The International Monetary Fund denied yesterday that austerity measures are to blame for the sluggish Irish economy, saying that other factors are keeping growth flat.
Greece, Portugal and Ireland are complaining that the Fund underestimated the economic and social impact of drastic spending cuts and tax hikes in the bailout programmes, but a senior IMF official said that was not the problem in Ireland.
The pace of the EU-IMF rescue programme “has struck an appropriate balance and continues to do so for the period ahead, enabling Ireland to make steady progress in reducing fiscal imbalances while protecting the still fragile economic recovery,” Ajai Chopra, deputy director in the IMF’s European Department, said in a statement.
“With overburdened bank, household and SME (small and medium sized business) balance sheets, and weak growth in trading partners, a number of factors besides fiscal consolidation have been a drag on growth in Ireland,” he said.
The IMF recently admitted that it had underestimated in Greece how deep the “fiscal consolidation,” or austerity measures, in its bailout plan would force the economy into recession.
Critics say the severity of the measures are to blame for Greece’s inability to get back to growth.
At issue was a revision of its “fiscal multiplier,” which IMF economists use to estimate the impact of various actions, like spending cuts, on the economy.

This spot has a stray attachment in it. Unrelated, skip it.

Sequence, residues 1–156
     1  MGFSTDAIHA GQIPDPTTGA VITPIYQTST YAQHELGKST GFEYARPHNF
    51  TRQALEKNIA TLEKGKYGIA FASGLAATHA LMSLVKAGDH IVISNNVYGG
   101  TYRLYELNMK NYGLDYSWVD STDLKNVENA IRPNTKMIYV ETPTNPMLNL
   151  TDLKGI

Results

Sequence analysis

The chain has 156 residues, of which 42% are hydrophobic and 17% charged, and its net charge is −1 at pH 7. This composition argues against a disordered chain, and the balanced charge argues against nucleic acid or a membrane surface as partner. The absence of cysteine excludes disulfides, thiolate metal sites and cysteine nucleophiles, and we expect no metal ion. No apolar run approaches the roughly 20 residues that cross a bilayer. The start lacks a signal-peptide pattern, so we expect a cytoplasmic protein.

The admission that the IMF got it wrong in Greece has been taken up by other countries undergoing IMF-European Union bailouts, with countries arguing for easier adjustment terms to cope with slower-than-expected growth.
Ireland sought an €85bn ($110bn) EU-IMF rescue package in November 2010 after it was devastated by the 2008-2009 global financial crisis.
As part of the rescue, Ireland agreed to painful austerity measures including spending cutbacks, state asset sales and tax hikes.
But growth has not returned as soon as hoped: last month the IMF forecast the Irish economy would expand a bare 0.4% this year, if growth picks up in the second half as expected.
Since the IMF reassessed its multiplier, Irish officials and the public have called for less austere reform requirements to encourage faster growth.
But Chopra argued that “in the current discussion of the impact of fiscal adjustment on growth, it is important to note that no single fiscal multiplier is applicable to all countries and circumstances.
The IMF has been fighting pressure to ease austere reform terms in all the countries undergoing bailouts since the review of the multiplier.
On Thursday, IMF’s Portugal mission chief Abebe Aemro Selassie told Lisbon that there is no way around a new, strong budget squeeze to reduce debt and return to capital markets.
In the face of public anger over tax increases, Selassie said it was “imperative” to press on with further measures.
“Debt remains high, and to ensure full recovery, the country needs to contain it,” he warned.